When The Lawmaker Holds The Sword Of Justice

While philosophers enjoy claiming that their definitions of moral good can begin with humanism and end somewhere besides the idea common known as ‘might makes right’,  they’re liars if they claim so much. As I’ve posted here before, even a particularly good definition must resort to semantic loops to achieve its aims. And even then the truth of the matter boils down the the fact that unless there is a force or entity greater than any human, mortal, or even corporeal force or entity which defines good and evil and lays down laws of the same, only a preponderance of force involved in forcing its own will or definition of good will define the moral good.When it becomes especially sticky is when the same entity which defines good also acts as the sword of justice, punishing evil and commending or rewarding good. For as that entity progresses, it will very naturally tend to the perspective that that which is beneficial to itself is that which is good. Consider a government which does not acknowledge a just and good supreme being incapable of being defined or contained in physical limits or terms: that government makes the laws and has no obligation besides its own self interest and preservation to guide in making those laws. That government also enforces those laws, and has a similar lack of responsibility or accountability in enforcing those laws. The government sees injustices being committed in its name and creates oversight committees and panels, consisting mostly of people involved in government and they have the same hamstringing problem, they are similarly committed to self-preservation and interest.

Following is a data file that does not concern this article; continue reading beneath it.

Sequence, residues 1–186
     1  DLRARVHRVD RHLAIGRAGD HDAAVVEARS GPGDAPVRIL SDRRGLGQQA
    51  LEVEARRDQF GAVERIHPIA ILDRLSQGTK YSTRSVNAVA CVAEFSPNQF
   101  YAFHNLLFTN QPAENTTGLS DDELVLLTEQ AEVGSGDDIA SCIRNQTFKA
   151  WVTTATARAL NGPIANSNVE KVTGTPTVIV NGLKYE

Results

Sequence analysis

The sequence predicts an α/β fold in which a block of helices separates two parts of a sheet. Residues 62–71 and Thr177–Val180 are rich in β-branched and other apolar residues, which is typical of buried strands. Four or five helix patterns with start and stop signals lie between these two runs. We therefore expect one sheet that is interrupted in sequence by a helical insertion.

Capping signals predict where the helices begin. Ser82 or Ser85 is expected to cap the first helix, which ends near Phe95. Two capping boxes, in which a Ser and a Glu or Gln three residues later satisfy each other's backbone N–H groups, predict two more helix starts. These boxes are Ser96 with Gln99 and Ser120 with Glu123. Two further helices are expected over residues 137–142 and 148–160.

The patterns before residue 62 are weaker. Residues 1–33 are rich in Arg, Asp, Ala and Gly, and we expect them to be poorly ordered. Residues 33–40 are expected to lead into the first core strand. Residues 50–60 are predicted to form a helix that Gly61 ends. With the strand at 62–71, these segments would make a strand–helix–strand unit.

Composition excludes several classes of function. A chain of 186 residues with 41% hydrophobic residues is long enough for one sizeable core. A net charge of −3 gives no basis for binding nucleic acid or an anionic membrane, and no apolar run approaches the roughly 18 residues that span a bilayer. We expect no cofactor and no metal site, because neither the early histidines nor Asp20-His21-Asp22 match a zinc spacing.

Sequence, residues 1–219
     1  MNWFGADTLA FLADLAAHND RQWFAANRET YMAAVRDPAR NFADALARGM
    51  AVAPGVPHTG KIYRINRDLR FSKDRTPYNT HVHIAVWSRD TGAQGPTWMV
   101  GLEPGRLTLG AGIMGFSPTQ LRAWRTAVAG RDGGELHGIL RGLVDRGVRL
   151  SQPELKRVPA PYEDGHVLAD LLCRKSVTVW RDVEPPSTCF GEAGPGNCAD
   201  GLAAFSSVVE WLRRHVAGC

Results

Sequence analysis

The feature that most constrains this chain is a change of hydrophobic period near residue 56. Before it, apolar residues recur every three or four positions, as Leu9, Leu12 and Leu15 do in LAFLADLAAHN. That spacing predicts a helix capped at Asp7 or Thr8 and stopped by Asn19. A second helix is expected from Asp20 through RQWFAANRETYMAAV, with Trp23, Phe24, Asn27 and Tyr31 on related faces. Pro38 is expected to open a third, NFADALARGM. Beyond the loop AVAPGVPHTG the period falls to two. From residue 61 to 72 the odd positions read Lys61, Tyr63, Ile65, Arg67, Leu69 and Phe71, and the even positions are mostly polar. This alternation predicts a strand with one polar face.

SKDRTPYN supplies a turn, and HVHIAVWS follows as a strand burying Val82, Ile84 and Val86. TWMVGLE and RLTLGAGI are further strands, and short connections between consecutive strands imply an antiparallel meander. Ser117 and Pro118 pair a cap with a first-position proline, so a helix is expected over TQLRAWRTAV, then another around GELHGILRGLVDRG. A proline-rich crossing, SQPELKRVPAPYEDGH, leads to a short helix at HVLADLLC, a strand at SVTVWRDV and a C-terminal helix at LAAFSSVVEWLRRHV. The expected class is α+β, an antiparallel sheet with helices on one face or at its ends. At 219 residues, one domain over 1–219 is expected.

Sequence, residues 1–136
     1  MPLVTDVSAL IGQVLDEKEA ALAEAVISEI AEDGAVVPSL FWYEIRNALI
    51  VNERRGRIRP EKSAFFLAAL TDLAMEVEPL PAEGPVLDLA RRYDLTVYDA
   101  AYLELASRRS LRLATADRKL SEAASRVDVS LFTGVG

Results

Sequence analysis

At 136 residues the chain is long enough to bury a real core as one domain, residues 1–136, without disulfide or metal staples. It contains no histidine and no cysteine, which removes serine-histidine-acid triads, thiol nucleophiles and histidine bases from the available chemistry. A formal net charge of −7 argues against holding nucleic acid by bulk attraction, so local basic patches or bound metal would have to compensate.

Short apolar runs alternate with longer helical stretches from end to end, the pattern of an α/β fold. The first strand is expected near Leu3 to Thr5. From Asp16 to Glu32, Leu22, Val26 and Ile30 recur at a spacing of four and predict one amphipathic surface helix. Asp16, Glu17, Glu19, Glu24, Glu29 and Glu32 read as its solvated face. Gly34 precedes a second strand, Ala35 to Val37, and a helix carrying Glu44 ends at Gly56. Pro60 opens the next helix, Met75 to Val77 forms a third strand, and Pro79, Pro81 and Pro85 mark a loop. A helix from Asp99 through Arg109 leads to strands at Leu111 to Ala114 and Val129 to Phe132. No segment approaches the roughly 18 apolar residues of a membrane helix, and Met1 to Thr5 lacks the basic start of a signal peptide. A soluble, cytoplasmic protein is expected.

There is no way for a government that does not recognize themselves as being but the swords of justice representing a just and good God, that does not recognize that it derives its power not just from the governed but also and primarily from the God who created the physical universe and all human institutions. There is no way for that government to maintain a balance between justice and mercy, encroachment and laxness. The government without external (God) and internal (Moral) restriction and accountability will continue to redefine good to benefit itself.

This is a primary reason behind the intensely Christian nature of our original founding as a nation. Without a moral compass guiding each and every citizen and the elected leadership recognizing their accountability before God, the American experiment will fail, as it has already begun to do.

We question why it is that ethics classes do not seem to stop students from cheating. We wonder why scandals seem to be business as usual in Washington. We consider the cases of high profile, successful people who seem to have it all resort to illegal activities to make a few more bucks. We ponder the nature of a culture such as we find in rap music today which would not report illegal activities to authorities in order to protect ‘cred’. We observe people who believe it is only wrong to get caught doing something improper, but that if you don’t get caught, you’re ok. All these indicate a lack of awareness of both external accountability and external effects of their actions.

If might makes right, and I am strong, I am right. No matter what I do, I am a law unto myself. When something mightier than myself finds me and compels me to its will, it is unfair and I seek to be free of the restriction.

How foolish.

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